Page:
Farrah Fawcett's lustrous locks greeted me each morning when I was a teenager. As did Raquel Welch, clad in a torn and clingy-wet blouse, her bright eyes shining right at me.
Both sex goddesses and best-selling pin-up babes adorned my ceiling on two posters I bought at Treasure City, a local department store in Bloomfied, CT. Fawcett and Welch were the Betty Grable and Rita Hayworth of my pulsating teen years. My parents still joke that I've always had a fondness for the opposite sex. So slapping up the posters made logical and biological sense.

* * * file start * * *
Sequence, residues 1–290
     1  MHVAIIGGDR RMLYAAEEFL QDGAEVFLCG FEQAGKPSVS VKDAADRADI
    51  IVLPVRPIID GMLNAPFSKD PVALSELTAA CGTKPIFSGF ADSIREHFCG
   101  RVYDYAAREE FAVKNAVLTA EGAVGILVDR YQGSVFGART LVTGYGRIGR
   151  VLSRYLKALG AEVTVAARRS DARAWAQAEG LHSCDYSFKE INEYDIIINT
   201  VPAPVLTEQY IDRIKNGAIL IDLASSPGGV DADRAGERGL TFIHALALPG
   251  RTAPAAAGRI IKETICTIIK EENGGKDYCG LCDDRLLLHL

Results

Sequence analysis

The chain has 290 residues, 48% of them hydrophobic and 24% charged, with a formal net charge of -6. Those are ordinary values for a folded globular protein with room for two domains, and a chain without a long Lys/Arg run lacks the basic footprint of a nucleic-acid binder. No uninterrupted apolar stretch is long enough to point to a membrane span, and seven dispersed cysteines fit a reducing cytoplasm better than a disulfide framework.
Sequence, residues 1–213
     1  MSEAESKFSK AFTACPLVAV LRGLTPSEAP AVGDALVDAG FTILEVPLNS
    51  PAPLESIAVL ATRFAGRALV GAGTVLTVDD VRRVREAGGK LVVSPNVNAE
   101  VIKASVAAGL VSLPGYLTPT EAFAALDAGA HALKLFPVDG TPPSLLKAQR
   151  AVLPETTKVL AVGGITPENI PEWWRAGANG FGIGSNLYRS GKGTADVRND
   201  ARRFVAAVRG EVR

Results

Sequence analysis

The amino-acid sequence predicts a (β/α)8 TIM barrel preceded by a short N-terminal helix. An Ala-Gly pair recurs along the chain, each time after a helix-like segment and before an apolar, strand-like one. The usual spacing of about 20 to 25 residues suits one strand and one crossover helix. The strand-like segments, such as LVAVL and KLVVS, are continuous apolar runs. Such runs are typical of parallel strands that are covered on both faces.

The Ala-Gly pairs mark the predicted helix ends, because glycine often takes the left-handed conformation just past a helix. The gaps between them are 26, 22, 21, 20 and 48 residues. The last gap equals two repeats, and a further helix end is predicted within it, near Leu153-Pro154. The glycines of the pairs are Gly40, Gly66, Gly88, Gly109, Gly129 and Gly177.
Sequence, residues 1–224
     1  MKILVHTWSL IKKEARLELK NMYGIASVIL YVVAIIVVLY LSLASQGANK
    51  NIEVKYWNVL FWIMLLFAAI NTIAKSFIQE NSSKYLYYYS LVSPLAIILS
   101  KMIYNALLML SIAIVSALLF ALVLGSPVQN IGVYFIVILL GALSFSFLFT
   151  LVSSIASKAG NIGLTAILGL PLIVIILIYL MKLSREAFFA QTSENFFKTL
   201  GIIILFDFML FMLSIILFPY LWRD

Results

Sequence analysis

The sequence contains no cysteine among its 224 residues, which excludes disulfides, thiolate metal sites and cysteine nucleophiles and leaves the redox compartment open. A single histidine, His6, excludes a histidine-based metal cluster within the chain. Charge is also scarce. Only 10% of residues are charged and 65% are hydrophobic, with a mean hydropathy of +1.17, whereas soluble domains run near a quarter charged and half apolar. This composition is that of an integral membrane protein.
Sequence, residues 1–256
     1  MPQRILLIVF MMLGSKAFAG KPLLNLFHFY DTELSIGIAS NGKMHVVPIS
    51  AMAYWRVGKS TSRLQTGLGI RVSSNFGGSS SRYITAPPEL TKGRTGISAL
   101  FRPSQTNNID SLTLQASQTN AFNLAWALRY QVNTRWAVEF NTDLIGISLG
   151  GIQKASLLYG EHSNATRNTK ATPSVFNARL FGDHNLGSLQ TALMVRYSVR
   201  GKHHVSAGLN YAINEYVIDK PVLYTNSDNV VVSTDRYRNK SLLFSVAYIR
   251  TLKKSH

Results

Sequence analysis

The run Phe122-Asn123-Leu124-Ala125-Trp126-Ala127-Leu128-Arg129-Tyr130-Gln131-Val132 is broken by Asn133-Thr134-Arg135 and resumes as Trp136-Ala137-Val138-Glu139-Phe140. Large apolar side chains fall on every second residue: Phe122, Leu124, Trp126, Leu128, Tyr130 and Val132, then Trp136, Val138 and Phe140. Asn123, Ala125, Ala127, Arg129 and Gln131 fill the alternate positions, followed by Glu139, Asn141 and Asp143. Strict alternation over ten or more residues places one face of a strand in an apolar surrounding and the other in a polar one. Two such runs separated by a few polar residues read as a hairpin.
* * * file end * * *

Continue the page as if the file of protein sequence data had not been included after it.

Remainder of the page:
Miguel, on the other hand, has not yet shown much interest in girls at all. He never approached anyone at the 6th grade school dance last year. He blended into his surroundings and danced almost quietly with a cluster of boys. He ordered me not to acknowledge him in any way: no nods, no smiles, no waves, and definitely, most definitely, he said, no dancing. He also said I couldn't even tap my feet or sway to the music.
His life so far has basically revolved around boys, sports, and video games.